One tip, if you are going to use printer paper, is to buy the thinnest, cheapest kind you can find. The thinner it is the easier it is to see through.

Freezer Paper

I used freezer paper sheets that are cut to the size of regular printer paper so that they fit through your printer correctly.

You can buy freezer paper on a roll but it would be time-consuming to try to cut that down to an easily printable size!

Quilters Freezer Paper Sheet
  • The freezer paper went through the printer easily. Just a note, you need to print on the mat side, not the shiny side.
  • I was able to see through the freezer paper when I held it up to the light.
  • The benefit of the freezer paper is that the shiny side (back of the paper) adheres to the fabric with a hot iron. Because of this, you don’t sew on the actual paper so you can use it repeatedly. In my personal experience, It doesn’t always adhere well and the fabric can slide around – but some people swear by it so it’s worth experimenting for yourself.
  • You are meant to press the shiny side of the paper to the fabric so it will adhere. I had mixed success with this and at times the freezer paper did not adhere to the fabric.
  • Obviously, because you don’t sew through the paper removing it is not an issue.
  • The block turned out the correct size.
  • Of the 7 types of paper I tested the freezer paper came in at #5 in terms of cost. That being said, it is reusable since you don’t sew through the paper, so per use it probably works out cheaper!

Vellum Paper

Translucent Vellum Paper
  • The vellum paper went through the printer easily.
  • I was able to see through the vellum paper even on the cutting mat.
  • It was easy to sew through the vellum paper.
  • The vellum paper curled when I pressed it with the iron. It was still workable, but not ideal. You could try just finger-pressing it.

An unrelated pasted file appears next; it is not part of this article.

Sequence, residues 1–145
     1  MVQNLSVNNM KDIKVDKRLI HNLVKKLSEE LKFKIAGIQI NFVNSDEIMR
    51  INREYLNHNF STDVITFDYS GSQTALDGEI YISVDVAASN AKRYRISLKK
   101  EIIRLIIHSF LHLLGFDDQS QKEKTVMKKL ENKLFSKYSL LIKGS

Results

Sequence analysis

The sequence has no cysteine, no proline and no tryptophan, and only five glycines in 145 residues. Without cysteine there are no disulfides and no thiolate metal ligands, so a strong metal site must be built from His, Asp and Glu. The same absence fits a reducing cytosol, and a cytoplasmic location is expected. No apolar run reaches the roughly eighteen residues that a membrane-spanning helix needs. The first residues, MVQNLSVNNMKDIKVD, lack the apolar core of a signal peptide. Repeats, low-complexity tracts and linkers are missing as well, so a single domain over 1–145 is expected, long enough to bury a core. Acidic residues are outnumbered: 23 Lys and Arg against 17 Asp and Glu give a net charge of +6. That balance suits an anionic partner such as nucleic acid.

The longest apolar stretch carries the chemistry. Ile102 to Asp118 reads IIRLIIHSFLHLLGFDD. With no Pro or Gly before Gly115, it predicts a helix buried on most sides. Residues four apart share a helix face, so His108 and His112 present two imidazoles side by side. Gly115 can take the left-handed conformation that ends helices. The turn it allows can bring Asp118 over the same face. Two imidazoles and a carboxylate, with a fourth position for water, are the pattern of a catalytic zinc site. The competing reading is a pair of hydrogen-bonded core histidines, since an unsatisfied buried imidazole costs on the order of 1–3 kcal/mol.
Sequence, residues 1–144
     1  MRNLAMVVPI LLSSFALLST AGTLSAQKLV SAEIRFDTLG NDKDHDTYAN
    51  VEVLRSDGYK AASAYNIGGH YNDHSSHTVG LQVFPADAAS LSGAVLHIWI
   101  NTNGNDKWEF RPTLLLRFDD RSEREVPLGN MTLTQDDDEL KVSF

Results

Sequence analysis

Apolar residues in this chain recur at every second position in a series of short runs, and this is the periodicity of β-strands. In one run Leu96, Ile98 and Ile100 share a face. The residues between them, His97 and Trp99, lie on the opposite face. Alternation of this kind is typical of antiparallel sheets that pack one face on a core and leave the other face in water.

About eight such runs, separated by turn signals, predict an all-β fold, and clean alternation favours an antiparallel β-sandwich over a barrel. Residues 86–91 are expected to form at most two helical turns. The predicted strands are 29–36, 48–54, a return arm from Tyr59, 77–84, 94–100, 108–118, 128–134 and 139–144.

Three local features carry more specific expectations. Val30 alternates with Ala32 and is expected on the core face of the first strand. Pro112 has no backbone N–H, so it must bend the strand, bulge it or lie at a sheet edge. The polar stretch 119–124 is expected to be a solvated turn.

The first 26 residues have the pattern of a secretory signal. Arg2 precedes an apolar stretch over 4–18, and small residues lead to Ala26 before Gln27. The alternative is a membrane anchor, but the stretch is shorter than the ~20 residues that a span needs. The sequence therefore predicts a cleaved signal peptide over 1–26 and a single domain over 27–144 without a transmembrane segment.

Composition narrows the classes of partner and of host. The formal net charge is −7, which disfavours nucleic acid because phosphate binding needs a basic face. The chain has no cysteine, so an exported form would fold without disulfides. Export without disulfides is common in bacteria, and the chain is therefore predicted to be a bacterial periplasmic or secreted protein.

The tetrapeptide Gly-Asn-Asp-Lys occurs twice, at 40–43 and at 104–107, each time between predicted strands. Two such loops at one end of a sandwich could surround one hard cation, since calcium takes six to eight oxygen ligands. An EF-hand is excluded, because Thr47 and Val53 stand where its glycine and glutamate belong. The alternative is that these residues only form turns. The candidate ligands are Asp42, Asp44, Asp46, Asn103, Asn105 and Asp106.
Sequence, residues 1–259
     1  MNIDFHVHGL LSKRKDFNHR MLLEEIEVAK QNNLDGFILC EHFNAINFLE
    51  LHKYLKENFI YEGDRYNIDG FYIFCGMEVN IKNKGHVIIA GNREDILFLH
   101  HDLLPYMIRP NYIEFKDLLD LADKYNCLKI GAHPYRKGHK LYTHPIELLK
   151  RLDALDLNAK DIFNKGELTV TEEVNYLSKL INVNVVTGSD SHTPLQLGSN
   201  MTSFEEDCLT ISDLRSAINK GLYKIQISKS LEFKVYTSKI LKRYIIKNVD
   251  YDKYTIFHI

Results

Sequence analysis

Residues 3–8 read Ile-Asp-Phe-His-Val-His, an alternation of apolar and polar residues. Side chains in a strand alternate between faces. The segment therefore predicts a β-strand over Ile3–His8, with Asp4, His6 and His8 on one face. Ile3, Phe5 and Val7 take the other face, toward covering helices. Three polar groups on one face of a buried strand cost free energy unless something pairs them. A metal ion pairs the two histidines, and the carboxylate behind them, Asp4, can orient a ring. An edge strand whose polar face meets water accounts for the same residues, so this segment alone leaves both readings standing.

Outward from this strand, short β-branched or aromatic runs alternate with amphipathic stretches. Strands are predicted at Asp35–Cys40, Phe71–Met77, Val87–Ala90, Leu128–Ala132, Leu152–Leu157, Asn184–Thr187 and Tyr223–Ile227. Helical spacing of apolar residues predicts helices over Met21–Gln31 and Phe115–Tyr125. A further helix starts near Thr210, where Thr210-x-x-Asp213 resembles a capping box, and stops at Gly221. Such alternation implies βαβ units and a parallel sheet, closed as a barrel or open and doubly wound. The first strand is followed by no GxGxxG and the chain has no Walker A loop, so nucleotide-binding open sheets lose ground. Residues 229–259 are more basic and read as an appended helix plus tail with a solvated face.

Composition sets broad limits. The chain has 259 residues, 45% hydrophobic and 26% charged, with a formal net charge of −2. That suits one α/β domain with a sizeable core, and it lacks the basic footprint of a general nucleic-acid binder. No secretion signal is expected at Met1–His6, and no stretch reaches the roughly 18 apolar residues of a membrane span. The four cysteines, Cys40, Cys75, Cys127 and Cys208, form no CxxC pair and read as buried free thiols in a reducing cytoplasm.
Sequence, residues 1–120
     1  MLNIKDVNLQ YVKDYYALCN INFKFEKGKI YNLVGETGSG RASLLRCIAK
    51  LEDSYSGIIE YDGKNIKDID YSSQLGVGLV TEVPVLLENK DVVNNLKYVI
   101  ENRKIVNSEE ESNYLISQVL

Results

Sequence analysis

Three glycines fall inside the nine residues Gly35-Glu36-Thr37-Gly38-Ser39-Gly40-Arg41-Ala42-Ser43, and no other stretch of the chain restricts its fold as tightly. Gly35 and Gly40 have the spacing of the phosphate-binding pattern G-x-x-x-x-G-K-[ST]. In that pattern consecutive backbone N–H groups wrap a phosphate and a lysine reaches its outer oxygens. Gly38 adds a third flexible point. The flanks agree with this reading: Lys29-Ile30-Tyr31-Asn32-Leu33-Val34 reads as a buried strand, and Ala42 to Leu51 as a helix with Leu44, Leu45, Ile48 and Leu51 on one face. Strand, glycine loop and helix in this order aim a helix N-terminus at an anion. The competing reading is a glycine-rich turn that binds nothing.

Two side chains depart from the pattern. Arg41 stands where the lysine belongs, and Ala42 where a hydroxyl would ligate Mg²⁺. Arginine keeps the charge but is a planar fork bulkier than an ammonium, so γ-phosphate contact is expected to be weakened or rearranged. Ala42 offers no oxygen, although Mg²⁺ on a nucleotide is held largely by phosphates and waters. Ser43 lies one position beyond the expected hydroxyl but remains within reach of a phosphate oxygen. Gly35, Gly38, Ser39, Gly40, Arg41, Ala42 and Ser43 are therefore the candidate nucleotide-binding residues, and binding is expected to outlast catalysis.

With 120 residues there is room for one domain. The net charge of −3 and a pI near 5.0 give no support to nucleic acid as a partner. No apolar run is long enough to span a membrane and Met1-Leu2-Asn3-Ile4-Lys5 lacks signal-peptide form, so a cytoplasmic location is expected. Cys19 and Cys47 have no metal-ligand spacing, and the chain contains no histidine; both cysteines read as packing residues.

• The paper was easy to remove.
  • The block turned out the correct size.
  • The vellum paper I bought was expensive (here in the UK) but I have seen it on Amazon USA for 13 cents a sheet. So not too bad price-wise.

June Tailor Perfect Piecing Foundation Sheets

June Tailor Perfect Piecing Quilt Block Foundation Sheets
  • The June Tailor paper went through the printer easily.
  • I was able to see through the paper even on the cutting mat.
  • It was easy to sew through the June Tailor paper.
  • I found that this paper curled a bit when I pressed it but not as much as the vellum paper.
  • The paper was easy to remove. The directions say you can leave it on and complete the quilt, but I have never tried that.
  • The block turned out the correct size.
  • The June Tailor paper was the most expensive at 33 cents per sheet.

Papers for Foundation Piecing from The Patchwork Palace

Papers for Foundation Piecing
  • The paper from Patchwork Place went through the printer easily.
  • I was only able to see through the paper when I held it up to the light, but not on the cutting mat.
  • It was easy to sew through the Patchwork Place Paper.
  • This paper curled just a tiny bit when pressed.
  • The paper was easy to remove.
  • The block turned out the correct size.
  • The Patchwork Place paper was about 15 cents per sheet.

Newsprint Paper

Printer Friendly Newsprint Drawing Paper

The newsprint I bought was specifically cut to be printer-friendly. Just like the freezer paper you can get it in larger rolls and reams but that wouldn’t really work for printing FPP patterns.

This was the one I really wanted to work, because it is super cheap and super thin so could be perfect and I’ve heard good things about it.